Radio Taiso: Radio Calisthenics
Some of Japan’s traditions, like the tea ceremony, date back centuries and are well-known in the west. Some, practiced by many more of the population, are not quite as old or as well known in the west.
For example, have you ever heard that music in the video below? It is safe to say every person in Japan knows that music. Almost every Japanese is ready to stand up and exercise nearly-spontaneously when they hear it. The response is practically Pavlovian.
What we’re talking about here is radio taiso (radio calisthenics), a Japanese cultural institution, broadcast several times a day on television, radio and the Internet by NHK, the national broadcast station.
Currently, some 20 percent of the entire population, or around 27 million people, do the warmups everyday. You’ll see groups of school kids bending and stretching, and gaggles of senior citizens out in the parks in good weather and bad doing the same. Stay-at-home moms will follow along at home, and many old-line Japanese companies will have the whole factory floor or office stand and participate.
Elementary school kids do the exercises every day, sometimes twice a day, during summer vacation. Many are issued radio exercise cards, and collect a stamp each time they exercise. If the card is filled at the end of the summer, the kids get prizes, such as stationery or snacks.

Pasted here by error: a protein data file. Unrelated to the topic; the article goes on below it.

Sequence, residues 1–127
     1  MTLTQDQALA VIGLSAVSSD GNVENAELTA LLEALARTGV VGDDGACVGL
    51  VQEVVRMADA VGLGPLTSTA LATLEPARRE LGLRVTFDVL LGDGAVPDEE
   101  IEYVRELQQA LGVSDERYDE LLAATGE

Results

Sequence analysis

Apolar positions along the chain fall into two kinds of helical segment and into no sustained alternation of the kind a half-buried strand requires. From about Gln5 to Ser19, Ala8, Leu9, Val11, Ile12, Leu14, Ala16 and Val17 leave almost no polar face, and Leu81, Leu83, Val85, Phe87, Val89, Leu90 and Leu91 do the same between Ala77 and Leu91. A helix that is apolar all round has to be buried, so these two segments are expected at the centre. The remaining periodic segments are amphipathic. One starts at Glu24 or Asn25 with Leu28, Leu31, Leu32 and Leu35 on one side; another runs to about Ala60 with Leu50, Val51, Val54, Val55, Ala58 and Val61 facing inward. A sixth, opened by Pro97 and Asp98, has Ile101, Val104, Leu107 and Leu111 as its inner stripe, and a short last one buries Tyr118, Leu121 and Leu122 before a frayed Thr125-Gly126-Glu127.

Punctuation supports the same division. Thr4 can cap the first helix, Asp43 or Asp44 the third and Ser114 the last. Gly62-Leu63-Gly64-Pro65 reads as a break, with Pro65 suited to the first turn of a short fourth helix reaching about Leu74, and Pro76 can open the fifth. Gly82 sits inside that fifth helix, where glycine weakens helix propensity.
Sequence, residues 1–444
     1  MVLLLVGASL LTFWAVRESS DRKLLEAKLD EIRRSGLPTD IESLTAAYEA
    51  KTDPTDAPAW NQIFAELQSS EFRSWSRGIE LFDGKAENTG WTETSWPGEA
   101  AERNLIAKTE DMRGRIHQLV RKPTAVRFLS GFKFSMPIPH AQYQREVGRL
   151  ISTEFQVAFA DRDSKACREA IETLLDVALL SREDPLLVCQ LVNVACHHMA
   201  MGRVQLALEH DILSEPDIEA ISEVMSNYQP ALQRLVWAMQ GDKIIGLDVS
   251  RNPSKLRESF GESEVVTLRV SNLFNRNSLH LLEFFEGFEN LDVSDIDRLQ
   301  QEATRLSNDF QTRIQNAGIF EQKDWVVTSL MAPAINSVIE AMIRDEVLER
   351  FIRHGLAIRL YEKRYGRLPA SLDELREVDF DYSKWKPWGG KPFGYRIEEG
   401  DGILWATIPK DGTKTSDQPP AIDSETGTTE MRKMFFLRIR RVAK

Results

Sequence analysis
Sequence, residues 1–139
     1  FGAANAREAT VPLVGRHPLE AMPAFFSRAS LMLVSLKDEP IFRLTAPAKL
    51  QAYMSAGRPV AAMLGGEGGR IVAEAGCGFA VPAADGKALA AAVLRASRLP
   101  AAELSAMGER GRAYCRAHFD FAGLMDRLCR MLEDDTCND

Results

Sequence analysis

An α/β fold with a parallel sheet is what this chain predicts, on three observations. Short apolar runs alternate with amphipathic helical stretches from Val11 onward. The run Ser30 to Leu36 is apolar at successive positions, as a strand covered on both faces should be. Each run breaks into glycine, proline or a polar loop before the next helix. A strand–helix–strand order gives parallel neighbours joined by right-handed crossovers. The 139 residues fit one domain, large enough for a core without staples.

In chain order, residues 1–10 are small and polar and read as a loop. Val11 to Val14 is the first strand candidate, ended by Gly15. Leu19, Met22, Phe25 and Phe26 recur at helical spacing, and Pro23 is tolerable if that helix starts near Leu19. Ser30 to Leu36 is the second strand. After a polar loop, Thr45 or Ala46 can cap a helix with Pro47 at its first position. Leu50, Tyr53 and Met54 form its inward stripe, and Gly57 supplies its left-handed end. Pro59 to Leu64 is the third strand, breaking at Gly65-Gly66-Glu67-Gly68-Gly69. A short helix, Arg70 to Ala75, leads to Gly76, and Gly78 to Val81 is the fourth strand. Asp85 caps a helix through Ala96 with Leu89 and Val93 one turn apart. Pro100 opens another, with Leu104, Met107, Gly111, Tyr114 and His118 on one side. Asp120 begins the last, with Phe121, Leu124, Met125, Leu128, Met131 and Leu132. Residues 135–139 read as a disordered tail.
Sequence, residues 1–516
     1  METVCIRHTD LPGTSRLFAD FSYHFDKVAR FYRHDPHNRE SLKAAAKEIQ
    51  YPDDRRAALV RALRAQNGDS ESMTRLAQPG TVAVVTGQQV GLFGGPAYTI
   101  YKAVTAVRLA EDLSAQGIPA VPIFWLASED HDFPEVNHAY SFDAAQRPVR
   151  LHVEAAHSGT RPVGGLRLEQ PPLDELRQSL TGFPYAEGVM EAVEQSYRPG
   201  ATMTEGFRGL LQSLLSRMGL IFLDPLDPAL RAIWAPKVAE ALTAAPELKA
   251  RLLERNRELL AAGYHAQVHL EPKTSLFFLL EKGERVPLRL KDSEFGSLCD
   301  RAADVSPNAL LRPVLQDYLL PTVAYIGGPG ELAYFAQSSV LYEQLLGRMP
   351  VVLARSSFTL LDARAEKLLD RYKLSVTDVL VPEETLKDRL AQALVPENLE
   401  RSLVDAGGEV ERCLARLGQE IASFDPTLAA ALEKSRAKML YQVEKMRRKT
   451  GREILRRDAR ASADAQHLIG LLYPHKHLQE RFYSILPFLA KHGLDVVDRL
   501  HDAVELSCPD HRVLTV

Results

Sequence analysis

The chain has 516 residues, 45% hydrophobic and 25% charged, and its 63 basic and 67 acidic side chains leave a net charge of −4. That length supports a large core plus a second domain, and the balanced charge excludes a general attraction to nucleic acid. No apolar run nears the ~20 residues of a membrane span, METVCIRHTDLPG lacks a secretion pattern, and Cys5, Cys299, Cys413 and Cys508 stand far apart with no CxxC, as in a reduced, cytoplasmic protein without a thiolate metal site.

The Origins Of Radio Taiso
Japanese Imperial Army doing taiso during World War II-Image Source: Marketingjapan
Even during WWII, radio taiso was a part of Japanese life, as every soldier was required to start his day with that same music. Japanese troops brought radio taiso with them overseas during the war, and a version is still practiced in China and other parts of Asia because of that. The Allied Occupation forces banned radio taiso in 1946 for this reason, but as you can see, it made a comeback. Radio tasio is a big, big deal.
The whole thing started on NHK Radio in the 1920s, to promote health and well-being at a time when life expectancy was stuck at around age 40. The routine was supposedly derived from a workout created in the U.S. by the American Metropolitan Life Insurance Company as an advertisement for the company, and then brought to Japan, where it obviously took on a life of its own.
Taiso Is A Japanese Way Of Living
The exercises consist of simple calisthenics that can be done by anyone; the current version shows how the set can be performed in a chair by the elderly and the disabled. Each taiso set (there are two main ones) is about four minutes. The two sets now in use have been broadcast continuously since the 1951, and are just known as Number 1 and Number 2.
Radio taiso is taken very seriously; in 2005, the government began a series of tests to certify instructors, and many elderly people swear that the exercises keep them young.
But whether or not radio taiso truly contributes to one’s health or not, it is probably even more important in Japan as another ever-so-Japanese thing: it is an activity done as a group, one built into the national school system and society, and one that has remained for almost a century. Despite Japan having gone from a pre-industrial nation through a world war and moving into a hyper-21st century nation during that, several generations can still console themselves knowing they share something every time they hear that music.
Now, readers, everyone on their feet. It’s radio taiso time!